Advertising is Not the Future of Reading February 11, 2010Posted by Peter Varhol in Uncategorized.
Here I go again. I want to stay away from this discussion, yet I believe strongly in the concept of reading. This is one of the most provocative, yet deeply flawed, tomes on the future of publishing. I give Josh Quittner of Fortune loads of credit for trying. He calls it The Future of Reading. I hope not. I fear that I am a bit less positive than he about the future of the existing publishers than he is. Here’s why.
First, he clearly remains locked into the notion that advertising supports the business. That is precisely the thinking that has kept traditional publishing locked into its old business models. The thinking goes: We need pages, and we need ads to place on the pages. While advertising is likely to play a role in future media, it is definitely not the traditional “ad on a page” or “banner ad” type of role. Quittner is talking about the value of the iPad say it’s about ads that are in-your-face, taking up an entire page for a set period of time. I would tolerate that once. Maybe. And never come back.
Second, he believes that the tablet is the savior of the publishing model. Wrongo. For several reasons. The tablet may be a better reading experience than a laptop or netbook, but at best only marginally better. There is no game-changer here, at least not yet. Oh, and I always do multiple things when I read; the single-tasking operating system is useless to me, and I suspect most others.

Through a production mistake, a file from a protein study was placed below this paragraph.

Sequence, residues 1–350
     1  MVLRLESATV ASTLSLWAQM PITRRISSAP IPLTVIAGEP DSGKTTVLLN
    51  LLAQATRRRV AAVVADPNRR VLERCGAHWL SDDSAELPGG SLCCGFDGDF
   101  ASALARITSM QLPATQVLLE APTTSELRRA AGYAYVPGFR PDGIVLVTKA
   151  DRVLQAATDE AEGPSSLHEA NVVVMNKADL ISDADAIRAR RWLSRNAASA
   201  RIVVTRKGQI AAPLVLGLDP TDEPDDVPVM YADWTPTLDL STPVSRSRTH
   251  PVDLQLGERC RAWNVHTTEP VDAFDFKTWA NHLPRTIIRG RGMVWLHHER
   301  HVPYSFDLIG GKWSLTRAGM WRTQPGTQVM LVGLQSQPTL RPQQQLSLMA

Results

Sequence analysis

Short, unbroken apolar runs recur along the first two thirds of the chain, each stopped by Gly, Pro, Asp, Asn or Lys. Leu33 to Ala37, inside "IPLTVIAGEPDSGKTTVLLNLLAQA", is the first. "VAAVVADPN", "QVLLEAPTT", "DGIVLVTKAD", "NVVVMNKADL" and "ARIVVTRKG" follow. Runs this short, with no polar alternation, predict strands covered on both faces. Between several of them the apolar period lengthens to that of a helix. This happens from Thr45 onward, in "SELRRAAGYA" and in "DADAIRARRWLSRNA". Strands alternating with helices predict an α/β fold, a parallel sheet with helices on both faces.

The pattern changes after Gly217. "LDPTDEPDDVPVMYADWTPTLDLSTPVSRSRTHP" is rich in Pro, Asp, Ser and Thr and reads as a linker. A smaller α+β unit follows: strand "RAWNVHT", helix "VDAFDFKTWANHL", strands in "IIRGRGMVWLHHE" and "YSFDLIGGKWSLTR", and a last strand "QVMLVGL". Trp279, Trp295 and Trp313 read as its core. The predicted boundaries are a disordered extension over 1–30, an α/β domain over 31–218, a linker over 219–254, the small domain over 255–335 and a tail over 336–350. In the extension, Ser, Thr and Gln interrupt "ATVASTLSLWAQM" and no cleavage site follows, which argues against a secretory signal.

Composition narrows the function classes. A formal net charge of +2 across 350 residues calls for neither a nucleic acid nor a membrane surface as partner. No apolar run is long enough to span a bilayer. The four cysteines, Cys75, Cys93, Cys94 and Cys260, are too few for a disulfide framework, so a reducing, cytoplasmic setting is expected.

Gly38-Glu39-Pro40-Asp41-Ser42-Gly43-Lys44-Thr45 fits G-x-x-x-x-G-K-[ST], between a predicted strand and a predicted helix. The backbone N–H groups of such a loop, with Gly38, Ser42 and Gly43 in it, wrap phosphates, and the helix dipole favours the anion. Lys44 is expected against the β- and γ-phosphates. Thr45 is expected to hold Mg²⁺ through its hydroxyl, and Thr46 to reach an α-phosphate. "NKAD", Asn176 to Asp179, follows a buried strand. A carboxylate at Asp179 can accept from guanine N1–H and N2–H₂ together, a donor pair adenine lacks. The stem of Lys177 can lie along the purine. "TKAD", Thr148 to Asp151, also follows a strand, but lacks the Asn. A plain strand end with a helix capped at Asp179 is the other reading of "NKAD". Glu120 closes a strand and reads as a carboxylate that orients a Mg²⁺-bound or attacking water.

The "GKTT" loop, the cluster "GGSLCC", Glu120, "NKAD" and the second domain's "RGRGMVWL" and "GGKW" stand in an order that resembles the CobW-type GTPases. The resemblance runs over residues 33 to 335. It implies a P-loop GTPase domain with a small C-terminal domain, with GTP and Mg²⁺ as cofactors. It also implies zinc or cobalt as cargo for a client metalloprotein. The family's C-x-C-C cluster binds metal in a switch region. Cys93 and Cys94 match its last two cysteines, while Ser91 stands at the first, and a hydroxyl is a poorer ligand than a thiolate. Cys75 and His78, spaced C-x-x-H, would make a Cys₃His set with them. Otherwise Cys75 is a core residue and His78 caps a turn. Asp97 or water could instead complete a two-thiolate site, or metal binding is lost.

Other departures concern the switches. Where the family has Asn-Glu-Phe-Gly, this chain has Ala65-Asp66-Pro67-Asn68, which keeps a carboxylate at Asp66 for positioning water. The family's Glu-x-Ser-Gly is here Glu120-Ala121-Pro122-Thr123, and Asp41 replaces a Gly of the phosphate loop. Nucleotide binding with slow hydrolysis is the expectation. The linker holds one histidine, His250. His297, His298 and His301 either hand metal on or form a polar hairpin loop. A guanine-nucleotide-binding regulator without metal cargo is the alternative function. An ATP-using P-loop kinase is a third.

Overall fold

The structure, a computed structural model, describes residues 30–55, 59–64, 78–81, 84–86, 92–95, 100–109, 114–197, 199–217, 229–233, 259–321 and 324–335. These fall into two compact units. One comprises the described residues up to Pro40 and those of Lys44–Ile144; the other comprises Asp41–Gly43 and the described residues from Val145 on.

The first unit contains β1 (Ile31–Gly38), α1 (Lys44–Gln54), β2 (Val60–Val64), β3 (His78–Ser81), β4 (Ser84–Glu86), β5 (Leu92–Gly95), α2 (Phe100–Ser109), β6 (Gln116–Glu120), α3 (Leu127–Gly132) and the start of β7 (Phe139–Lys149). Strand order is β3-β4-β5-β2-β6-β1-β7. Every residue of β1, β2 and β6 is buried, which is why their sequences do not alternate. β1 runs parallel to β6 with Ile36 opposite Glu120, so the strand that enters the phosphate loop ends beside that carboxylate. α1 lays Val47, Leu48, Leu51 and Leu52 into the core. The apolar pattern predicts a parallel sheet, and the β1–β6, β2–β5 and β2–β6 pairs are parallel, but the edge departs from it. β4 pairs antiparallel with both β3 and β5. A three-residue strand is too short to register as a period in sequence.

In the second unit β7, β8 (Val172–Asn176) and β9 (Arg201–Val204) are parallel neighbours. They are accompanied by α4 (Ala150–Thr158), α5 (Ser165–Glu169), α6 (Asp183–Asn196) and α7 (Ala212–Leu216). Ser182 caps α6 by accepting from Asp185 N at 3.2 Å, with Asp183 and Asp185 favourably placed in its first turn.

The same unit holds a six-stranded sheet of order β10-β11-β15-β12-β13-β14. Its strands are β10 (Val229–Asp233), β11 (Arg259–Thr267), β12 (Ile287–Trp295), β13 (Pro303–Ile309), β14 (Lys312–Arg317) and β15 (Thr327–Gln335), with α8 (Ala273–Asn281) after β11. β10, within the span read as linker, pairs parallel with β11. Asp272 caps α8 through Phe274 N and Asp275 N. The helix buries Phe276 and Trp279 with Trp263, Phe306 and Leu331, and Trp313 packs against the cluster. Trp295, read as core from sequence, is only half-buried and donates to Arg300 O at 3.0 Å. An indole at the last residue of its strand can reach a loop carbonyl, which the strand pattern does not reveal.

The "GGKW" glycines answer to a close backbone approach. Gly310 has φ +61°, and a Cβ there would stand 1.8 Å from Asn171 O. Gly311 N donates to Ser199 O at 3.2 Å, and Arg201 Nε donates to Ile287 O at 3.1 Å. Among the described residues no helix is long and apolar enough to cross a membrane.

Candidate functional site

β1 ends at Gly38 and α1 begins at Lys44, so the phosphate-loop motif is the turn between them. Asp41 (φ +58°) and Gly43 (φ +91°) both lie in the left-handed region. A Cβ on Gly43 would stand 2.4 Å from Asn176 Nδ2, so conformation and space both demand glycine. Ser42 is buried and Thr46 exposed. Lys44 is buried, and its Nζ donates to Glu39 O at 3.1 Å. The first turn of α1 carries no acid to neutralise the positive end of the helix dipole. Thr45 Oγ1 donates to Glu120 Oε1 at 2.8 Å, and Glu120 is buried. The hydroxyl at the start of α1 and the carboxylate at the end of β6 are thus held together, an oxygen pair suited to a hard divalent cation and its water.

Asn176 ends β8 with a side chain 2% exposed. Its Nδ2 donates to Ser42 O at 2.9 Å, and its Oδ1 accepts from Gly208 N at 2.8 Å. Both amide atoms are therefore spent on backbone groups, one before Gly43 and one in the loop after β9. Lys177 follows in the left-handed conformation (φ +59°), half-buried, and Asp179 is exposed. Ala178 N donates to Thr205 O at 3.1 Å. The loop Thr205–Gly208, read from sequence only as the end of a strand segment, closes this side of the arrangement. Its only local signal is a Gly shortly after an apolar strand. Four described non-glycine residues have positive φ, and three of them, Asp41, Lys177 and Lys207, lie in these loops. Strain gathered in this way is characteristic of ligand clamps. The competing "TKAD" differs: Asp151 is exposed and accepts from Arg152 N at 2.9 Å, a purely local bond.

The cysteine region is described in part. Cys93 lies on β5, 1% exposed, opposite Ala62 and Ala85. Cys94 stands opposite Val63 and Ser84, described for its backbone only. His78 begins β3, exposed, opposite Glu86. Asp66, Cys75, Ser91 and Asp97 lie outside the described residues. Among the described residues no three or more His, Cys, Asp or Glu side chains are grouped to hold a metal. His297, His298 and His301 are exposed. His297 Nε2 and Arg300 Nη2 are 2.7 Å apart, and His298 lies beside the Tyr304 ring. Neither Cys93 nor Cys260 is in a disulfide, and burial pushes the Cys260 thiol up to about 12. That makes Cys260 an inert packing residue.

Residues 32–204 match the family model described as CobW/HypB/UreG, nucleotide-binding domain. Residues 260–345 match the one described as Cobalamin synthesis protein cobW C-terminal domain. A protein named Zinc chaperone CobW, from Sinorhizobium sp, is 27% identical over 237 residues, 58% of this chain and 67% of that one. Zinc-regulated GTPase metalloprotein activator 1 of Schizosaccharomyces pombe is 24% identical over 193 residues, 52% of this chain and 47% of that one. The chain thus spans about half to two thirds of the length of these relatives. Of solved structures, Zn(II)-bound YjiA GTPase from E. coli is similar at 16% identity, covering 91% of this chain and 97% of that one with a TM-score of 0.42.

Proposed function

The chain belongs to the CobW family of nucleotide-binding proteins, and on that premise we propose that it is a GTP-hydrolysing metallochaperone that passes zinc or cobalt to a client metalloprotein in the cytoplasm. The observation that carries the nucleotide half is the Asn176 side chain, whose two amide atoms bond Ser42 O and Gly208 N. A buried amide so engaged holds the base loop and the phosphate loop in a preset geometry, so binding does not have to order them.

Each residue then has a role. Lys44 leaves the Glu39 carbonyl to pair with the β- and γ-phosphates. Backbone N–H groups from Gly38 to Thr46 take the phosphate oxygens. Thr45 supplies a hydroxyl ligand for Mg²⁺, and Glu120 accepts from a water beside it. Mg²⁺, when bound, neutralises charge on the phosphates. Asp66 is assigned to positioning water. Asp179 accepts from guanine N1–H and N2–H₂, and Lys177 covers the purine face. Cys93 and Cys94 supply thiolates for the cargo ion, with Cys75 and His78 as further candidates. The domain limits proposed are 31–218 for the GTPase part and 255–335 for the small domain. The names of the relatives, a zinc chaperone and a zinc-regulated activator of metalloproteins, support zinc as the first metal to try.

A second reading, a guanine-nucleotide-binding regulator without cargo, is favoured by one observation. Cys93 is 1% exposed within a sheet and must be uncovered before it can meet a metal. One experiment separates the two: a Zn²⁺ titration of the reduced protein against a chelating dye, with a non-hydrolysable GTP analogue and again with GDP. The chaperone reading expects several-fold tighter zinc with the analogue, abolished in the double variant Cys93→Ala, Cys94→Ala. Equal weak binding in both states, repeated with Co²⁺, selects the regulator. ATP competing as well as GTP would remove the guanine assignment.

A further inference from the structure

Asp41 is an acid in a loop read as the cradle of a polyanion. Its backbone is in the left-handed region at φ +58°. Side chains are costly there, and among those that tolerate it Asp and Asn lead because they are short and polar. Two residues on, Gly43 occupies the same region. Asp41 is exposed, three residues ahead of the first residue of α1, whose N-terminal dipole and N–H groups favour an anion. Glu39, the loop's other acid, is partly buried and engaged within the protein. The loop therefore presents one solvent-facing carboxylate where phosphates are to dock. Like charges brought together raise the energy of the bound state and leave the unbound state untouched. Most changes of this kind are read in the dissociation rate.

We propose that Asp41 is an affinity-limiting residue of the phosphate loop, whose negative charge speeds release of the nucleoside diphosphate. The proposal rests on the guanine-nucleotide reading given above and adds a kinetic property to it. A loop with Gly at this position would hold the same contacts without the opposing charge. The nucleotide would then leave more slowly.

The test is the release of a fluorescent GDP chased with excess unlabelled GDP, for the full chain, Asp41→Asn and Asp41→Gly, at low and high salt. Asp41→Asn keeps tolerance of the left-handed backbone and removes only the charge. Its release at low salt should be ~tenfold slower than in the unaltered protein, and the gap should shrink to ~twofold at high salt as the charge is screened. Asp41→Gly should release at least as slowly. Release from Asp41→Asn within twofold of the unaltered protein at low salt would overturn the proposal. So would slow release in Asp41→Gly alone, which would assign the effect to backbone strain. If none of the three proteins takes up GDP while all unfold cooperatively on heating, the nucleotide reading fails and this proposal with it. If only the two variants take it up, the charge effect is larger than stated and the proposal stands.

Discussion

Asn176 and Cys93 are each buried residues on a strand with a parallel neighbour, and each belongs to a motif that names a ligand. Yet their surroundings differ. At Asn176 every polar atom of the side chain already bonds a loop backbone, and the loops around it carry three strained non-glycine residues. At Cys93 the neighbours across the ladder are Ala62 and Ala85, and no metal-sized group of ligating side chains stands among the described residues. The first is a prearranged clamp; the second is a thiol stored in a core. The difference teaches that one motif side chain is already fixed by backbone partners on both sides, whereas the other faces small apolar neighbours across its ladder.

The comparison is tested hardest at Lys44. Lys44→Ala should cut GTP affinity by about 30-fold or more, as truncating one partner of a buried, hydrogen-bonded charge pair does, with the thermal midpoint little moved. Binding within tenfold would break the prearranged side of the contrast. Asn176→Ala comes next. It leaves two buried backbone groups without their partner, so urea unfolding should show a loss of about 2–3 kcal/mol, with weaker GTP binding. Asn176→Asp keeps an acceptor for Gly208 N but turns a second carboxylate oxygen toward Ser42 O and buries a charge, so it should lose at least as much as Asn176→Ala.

Last, it is years late to save traditional publishing. Josh notes that publishers have been unwilling to look at new business models because the existing one has been so lucrative. Well, it’s not lucrative. It tends to throw off a lot of cash, yes. Management has done so by devaluing the product that they sell, content, and by not investing in the future. That’s not the same as being lucrative. This game is history.
I confess that I don’t know the answer for the next generation of publishing. I’m not smart enough, and I haven’t spent enough time thinking about it. But I do know that most of the half-hearted efforts being made today represent at best an extension of old thinking. Quittner says that publishing people aren’t stupid. I’ll agree with that, but nor do they have anything resembling an imagination.
At the same time, CNN Money also ran a related piece on what ten well-known people involved in publishing and/or the Web thought about the future of reading. The one I laughed out loud on was Katharine Weymouth, publisher of the Washington Post, who had the audacity to claim that advertising was content. The most interesting came from Marc Andreessen. My take is similar to that of Jeff Jarvis. To at least some extent, they are all worth reading.